“Everything will be back to normal in short order, Mr. Donnelly. Thank you for coming and tell your board the best thing they can do is just keep doing business as usual. But I really have to get to my desk.” I clasped his shoulder and walked past him, avoiding another handshake.

Frank came in before I’d even got my coat off, followed by Meyer who looked like he had a bad case of agita.

“It’s part of the job, Jackie, so get used to it. You have to make nice with the civilians and keep them happy, especially when things are like now. Give them their ten minutes, try to look like you’re listening and then send them back on their way.”

“It’s part of the job, Jackie, so get used to it. You have to make nice with the civilians and keep them happy, especially when things are like now. Give them their ten minutes, try to look like you’re listening and then send them back on their way.”

He stopped at the credenza and poured sizable drinks. Meyer waved his off and said, “Bullshit. Guys like that are why I prefer a benign dictatorship.”

Frank handed one to me and said, “Charley’s dead.” I took a deep drink and let the warmth spread in all directions. “I know, I saw him get it. He was covering Meyer and me.”

“He was a nice kid,” Meyer said, “from the little time I knew him. I made him try lox, the day he drove me around. He’d never eaten salmon on bagel.”

Frank raised his glass and said, “He was a good man. Brave and loyal. I’ll have Abby go up to payroll in the morning, tell them put his pension through.” He retrieved the bottle, poured again and set it down on the desk.  “So now we got more trouble than we started with. People are going to the mattresses. I never thought I’d see that again.

“The other commissioners are goddamn fuming. They’re upstairs right now, except Zerelli – he had to take a heart pill and lie down. I got to go back up and calm them down, if I can. You both come with me.”

“All right.” I swallowed what was in the glass. My first thought was that facing an angry Commission was about as enticing a prospect as walking into a ballroom full of trigger-happy gunsels. On the way up, with a little time to think, I decided it was worse.

We took the private elevator up to the boardroom. Twenty years ago when the company had outgrown the old building Luciano hired one of New York’s leading commercial architects to design a new one. When the drawings were unveiled it was stunningly beautiful and almost worthless, completely indefensible and topped by a rooftop boardroom and garden with a beautiful view of the city. It was also a long way to jump if the building were under attack or burning; having the high ground is one thing, but it’s also nice to be able to get down from it.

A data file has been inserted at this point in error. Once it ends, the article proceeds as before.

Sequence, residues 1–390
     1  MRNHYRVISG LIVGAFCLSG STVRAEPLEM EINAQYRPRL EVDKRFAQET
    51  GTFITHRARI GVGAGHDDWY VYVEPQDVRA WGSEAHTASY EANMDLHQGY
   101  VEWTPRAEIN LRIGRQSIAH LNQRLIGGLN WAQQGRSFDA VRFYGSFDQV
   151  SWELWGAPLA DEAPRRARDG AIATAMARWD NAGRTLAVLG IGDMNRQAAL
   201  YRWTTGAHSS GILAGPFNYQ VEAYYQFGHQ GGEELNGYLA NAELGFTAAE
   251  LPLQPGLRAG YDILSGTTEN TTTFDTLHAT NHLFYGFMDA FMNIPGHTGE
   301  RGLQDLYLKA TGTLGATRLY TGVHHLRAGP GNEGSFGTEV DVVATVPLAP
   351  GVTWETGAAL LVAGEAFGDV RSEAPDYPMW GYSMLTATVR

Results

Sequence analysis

Luciano paid off the designer and gave the plans to an architect who’d designed fortified buildings for the old government’s War Department. He kept much of the exterior façade and designed another building to go inside the one the public would see. (He did save the roof garden, which is a lovely place to eat lunch.)

This one was built from thousands of tons of reinforced concrete, the street face of the building laced with steel beams underneath the decorative limestone slabs. A truck loaded with explosive trying to crash through it would be stopped dead in its tracks and could burn away harmlessly. All the glass is triple-thick blast-proof glazing and the boardroom is now at the center of the building, shielded by several layers of offices around it and encased in steel walls, floors and ceiling. It does look out over an atrium, also impenetrable glass, which contains one of several emergency exits, none of which are any of your business.

I can tell you that the redesign put almost as much of the new building underground as is visible above and required the company to purchase various buildings in several directions, up to two blocks away, and build tunnels large enough to carry troop trucks in. The whole thing took several years to finish and was massively expensive but like they say, what’s piece of mind worth?

We stepped through the elevator doors into the walnut-paneled boardroom prepared to take our lumps. How do you apologize to someone you’ve invited for dinner and nearly gotten blown up? I suppose I was a little flush from my performance at the hotel so I decided you couldn’t and since there was little to lose in terms of face right now, I said so.